4 Common Problems with the Kronos Cloud
Your No-Nonsense Guide to the Kronos Cloud
Faster implementation and upgrades. Reduction in capital expenditures. Less ongoing maintenance for IT. Kronos is publicly touting many of the same benefits for moving to the cloud that every other application out there seems to be. So, how closely does that glossy picture represent reality?
Our May 2016 survey (2017 Kronos survey now available), showed that out of 200+ participants, 34% had made the move to the Kronos cloud. Of those, roughly 60% were satisfied with the experience so far. This is admittedly much higher than satisfaction rates for ERP platforms (we also survey JD Edwards users and Lawson users). But with almost 20% of users either unsatisfied or reserving judgment, it’s far from the rosy picture Kronos has painted.
Kronos Cloud: Your Mileage May Vary
In general, the benefits most commonly touted for the Kronos Cloud are that clients will no longer have to worry about security, upgrades, maintenance, service pack installs or legislative updates. As a hybrid consulting firm, we often get called in when things go wrong or when a client needs a more heavily customized implementation—but many of our clients are saying they have yet to realize most of those benefits. Specifically, they cite 4 key areas where Kronos has failed to meet their expectations:
- Kronos failed to reduce costs
- They suffered a drastic loss of control and can’t get access to make changes
- Significant and inconvenient downtime has been a problem
- A number of unexpected costs once they’ve implemented cloud services
1. Failure to Reduce Costs
Rather than reducing man hours for the in-house team, clients have found they’re simply focusing on different issues. Cases where IT staff focused exclusively on hardware seem to be the exception since they no longer have hardware for Kronos to maintain.
One Kronos user in the online Yahoo Group said, “[Kronos Cloud has allowed] the IT support team who had supported the hardware side of it to concentrate on other applications. However, I am the application support and it has made my life more difficult.”
Many processes actually take longer, because rather than simply making changes in WIM and deploying them, changes to WIM special lookup tables now need to be made in the application itself. Otherwise, the interface needs to be downloaded from the server, moved to the DEV server with an FTP application, worked on and tested, and then moved back to production and deployed to the servers.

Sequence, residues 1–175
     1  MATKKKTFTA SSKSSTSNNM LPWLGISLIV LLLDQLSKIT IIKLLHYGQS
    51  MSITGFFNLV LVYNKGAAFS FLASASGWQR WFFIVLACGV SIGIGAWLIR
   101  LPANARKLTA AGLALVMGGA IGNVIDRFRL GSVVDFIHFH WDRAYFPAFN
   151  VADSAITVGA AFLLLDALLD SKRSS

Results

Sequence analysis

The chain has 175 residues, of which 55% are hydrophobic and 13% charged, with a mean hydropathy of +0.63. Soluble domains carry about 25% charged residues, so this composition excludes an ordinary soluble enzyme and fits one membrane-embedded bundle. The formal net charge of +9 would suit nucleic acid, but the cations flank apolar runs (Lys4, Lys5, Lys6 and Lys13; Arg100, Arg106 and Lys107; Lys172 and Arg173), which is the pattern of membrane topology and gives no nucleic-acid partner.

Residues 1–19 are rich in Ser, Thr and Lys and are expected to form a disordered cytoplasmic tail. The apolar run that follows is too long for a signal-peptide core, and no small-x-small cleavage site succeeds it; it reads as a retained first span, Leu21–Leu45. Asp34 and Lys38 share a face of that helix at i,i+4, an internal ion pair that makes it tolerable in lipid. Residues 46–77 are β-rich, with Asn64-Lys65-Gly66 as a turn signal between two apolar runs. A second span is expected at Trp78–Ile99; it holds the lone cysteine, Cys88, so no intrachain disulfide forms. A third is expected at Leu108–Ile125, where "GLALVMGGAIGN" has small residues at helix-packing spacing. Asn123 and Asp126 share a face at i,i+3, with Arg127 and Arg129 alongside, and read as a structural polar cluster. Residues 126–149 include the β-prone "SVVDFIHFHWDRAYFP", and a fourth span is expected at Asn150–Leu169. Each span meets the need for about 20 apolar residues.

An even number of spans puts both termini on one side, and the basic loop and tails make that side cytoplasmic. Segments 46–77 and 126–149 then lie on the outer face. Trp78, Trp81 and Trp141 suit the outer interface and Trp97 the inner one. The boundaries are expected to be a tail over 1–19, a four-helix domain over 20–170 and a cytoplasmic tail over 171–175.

2. Loss of Control
Rather than the Kronos Cloud making it easier to stay up to date, support teams instead find themselves at the mercy of Kronos to make changes happen. While they have access to the application config and setup screen, they need to reach out to Kronos to change anything that needs a server reboot. Occasionally, they’ve brought in a new employee or a consultant and been unable to get them access to the system. In one instance, it took four months before a consultant was able to get the necessary permissions.
3. Kronos Cloud Downtime
There have also been some glaring issues with maintenance downtimes. Scheduled maintenance is supposed to be every other month on a certain weekend from Midnight to 6:00 AM, either Saturday or Sunday morning, and restored before business hours on Monday. A different member of the Yahoo group than the one quoted above shared, “When we have a system issue, there is no sense of urgency by KGS. We have had the system down on a payroll Monday and it took hours before it was even assigned to anyone. We have had issues with the load balancer, individual servers, and it takes many hours for them to diagnose an issue.” She went so far as to end her comments with, “Yes, they do upgrades and patches, but everything else considered, I would prefer to NOT be on the cloud.”
4. Unexpected Costs with Kronos Cloud
Unexpected costs are another area of concern. Often, clients find they don’t know what they don’t know until they’re on the SaaS platform; then they find out there are additional fees for things like connectivity to other apps or that change orders quickly balloon overall costs associated with Kronos. For example, if you run reports from Kronos using Crystal or other apps, there is a monthly fee for the ODBC connection.
Deciding If Kronos Cloud Is A Good Fit For You
Whether or not Kronos on the cloud is a good fit for your organization will likely depend on how you use the system now—how customized it is, how often you have to make updates, how many employees you have in the system, and how many other tools need to integrate with the system.
For a net new implementation where you plan to use the tool mostly as it’s built out of the box, Kronos on the cloud may be a quick and easy way to get up and running. But for more complex uses, it may be worth giving Kronos a little longer to iron out the kinks before making the switch.